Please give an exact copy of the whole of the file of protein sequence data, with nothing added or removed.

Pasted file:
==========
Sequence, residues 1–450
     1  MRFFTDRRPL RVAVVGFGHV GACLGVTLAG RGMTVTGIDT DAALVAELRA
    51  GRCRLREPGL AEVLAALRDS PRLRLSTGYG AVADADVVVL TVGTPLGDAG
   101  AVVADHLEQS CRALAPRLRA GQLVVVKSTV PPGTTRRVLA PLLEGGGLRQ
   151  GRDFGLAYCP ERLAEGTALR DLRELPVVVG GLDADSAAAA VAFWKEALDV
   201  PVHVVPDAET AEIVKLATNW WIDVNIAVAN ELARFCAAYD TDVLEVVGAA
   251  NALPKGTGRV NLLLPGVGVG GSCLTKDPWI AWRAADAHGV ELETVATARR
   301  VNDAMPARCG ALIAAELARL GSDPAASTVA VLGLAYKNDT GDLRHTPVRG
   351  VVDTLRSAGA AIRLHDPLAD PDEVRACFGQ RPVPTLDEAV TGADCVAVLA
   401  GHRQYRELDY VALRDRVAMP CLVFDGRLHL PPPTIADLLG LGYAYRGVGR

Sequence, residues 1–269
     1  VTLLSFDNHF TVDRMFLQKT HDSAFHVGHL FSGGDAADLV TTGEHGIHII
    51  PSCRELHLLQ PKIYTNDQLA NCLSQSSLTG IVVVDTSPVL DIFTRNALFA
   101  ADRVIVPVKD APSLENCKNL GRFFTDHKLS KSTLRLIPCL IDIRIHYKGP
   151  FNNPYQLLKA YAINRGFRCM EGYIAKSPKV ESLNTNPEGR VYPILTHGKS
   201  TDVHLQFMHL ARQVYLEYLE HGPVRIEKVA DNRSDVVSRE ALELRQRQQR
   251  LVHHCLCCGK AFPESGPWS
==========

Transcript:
Sequence, residues 1–450
     1  MRFFTDRRPL RVAVVGFGHV GACLGVTLAG RGMTVTGIDT DAALVAELRA
    51  GRCRLREPGL AEVLAALRDS PRLRLSTGYG AVADADVVVL TVGTPLGDAG
   101  AVVADHLEQS CRALAPRLRA GQLVVVKSTV PPGTTRRVLA PLLEGGGLRQ
   151  GRDFGLAYCP ERLAEGTALR DLRELPVVVG GLDADSAAAA VAFWKEALDV
   201  PVHVVPDAET AEIVKLATNW WIDVNIAVAN ELARFCAAYD TDVLEVVGAA
   251  NALPKGTGRV NLLLPGVGVG GSCLTKDPWI AWRAADAHGV ELETVATARR
   301  VNDAMPARCG ALIAAELARL GSDPAASTVA VLGLAYKNDT GDLRHTPVRG
   351  VVDTLRSAGA AIRLHDPLAD PDEVRACFGQ RPVPTLDEAV TGADCVAVLA
   401  GHRQYRELDY VALRDRVAMP CLVFDGRLHL PPPTIADLLG LGYAYRGVGR

Sequence, residues 1–269
     1  VTLLSFDNHF TVDRMFLQKT HDSAFHVGHL FSGGDAADLV TTGEHGIHII
    51  PSCRELHLLQ PKIYTNDQLA NCLSQSSLTG IVVVDTSPVL DIFTRNALFA
   101  ADRVIVPVKD APSLENCKNL GRFFTDHKLS KSTLRLIPCL IDIRIHYKGP
   151  FNNPYQLLKA YAINRGFRCM EGYIAKSPKV ESLNTNPEGR VYPILTHGKS
   201  TDVHLQFMHL ARQVYLEYLE HGPVRIEKVA DNRSDVVSRE ALELRQRQQR
   251  LVHHCLCCGK AFPESGPWS